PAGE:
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[Benediction of the Blessed Sacrament](from Lat. benedictio: ‘blessing’)

In the Roman rite, a ceremony comprising the exposition and veneration of the Sacred Host, the singing of hymns and a blessing of the faithful with the Host. It is not part of the Mass in the strict sense. Benediction probably developed from the new devotion to the Sacrament that appeared in the Latin West from the 12th century, reflected in innovations such as the Elevation within Mass and the processions carrying the Sacrament on the feast of Corpus Christi (instituted 1264). Hildebrand, Benedictine abbot at Hildesheim, issued instructions in 1301 that the faithful were to be blessed with the Host at a station during the Corpus Christi procession while the choir sang the antiphon O admirabile commercium (Browe, 74, n.9, cited also in Righetti, 613); there is further evidence of Benediction in northern Europe in the 14th century, but not in Italy until much later.

Benediction developed as an evening devotion, not necessarily allied to Corpus Christi, and it was further emphasized as a counterblast to the Reformers’ denial of the doctrine of transubstantiation; nevertheless, the service was not recognized by the Roman Church as a true liturgical action until ...

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Richard Sherr

(Lat.: ‘blessed’)

Part of the Sanctus after the first Hosanna, consisting of the sentence ‘Benedictus qui venit in nomine Domini’ followed by a repeat of the Hosanna. It is an adaptation of a quotation from Matthew xxi.9: ‘Hosanna to the Son of David! Blessed is he who comes in the name of the Lord! Hosanna in the highest!’ which is itself an adaptation of Psalm cxviii.26. It is found in the Roman liturgy from the 7th century, and may have been added to the Roman Sanctus, together with the two Hosannas, through Gallican influence. It was also sung in various oriental rites and is attested in the Jewish Pesaḥ (Passover) ritual.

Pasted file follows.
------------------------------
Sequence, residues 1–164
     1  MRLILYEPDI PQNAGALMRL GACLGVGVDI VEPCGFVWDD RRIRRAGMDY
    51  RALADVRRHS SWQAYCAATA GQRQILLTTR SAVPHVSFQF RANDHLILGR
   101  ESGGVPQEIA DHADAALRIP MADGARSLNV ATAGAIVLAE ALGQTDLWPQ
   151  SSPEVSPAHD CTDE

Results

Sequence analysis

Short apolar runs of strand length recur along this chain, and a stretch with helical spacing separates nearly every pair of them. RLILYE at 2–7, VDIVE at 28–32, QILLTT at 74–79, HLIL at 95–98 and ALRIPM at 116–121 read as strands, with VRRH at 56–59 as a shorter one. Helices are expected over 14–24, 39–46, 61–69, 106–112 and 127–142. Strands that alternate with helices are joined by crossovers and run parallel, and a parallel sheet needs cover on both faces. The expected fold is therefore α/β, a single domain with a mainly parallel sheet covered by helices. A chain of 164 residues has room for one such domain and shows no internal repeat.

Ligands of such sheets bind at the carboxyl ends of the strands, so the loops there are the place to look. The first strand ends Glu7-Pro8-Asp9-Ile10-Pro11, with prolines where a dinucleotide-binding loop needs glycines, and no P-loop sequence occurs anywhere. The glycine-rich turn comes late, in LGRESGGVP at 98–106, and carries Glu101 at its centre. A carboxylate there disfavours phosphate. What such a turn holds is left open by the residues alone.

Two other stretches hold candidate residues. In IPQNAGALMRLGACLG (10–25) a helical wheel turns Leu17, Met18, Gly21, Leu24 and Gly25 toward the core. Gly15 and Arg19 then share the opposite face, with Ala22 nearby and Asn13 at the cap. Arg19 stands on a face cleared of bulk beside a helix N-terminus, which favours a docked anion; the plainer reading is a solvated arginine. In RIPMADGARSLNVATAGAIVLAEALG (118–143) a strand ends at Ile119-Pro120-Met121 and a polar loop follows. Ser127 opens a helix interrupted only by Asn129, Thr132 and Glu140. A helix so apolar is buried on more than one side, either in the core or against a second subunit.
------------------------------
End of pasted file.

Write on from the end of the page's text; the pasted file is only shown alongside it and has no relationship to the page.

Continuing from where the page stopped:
In the Roman Mass, the Benedictus was until recently separated from the Sanctus by the consecration (a procedure outlined in the Caeremoniale episcoporum of 1600). According to Jungmann (Missarum sollemnia, ii, 137) this was ‘obviously an attempt to accommodate to the canon a polyphonic style of song wherein the richer melody of the Sanctus … stretches out to the consecration, while the Benedictus, along with the second Hosanna, fills out the rest of the canon’. Wagner and others also attributed the practice to the influence of polyphony, and certainly the Benedictus has usually appeared as a separate section in polyphonic masses since the Middle Ages. (...

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John Caldwell and Joseph Dyer

(Lat.: ‘blessed’)

The first word of the canticle of Zechariah (Zachary), ‘Benedictus Dominus Deus Israel’ (Luke i.68–79), sung towards the end of the Office of Lauds in most Latin rites, after the 9th ōdē of the kanōn in the Byzantine morning Office of Orthros (it replaces this ōdē during Eastertide), and before the Nicene Creed at Anglican Matins. It is also the first word of the canticle of David, ‘Benedictus es, Domine Deus Israel patris nostri’ (1 Chronicles xxix.10b–13), the festal canticle sung to the ordinary Office psalmody at Monday Lauds in the Roman monastic and secular Office.

The original assignment of the canticle of Zechariah to Lauds was presumably prompted by the words: ‘the day-spring from on high hath visited us to give light to them that sit in darkness’. Benedict of Nursia referred to the canticle as the ‘canticum de evangelia’, and his earlier contemporary, known only as the ‘Master’, called it simply ‘evangelia’. In the Gregorian (though not the Old Roman) repertory, a special psalmody in each of the modes and with ornate intonations and cadences is reserved for the singing of the ...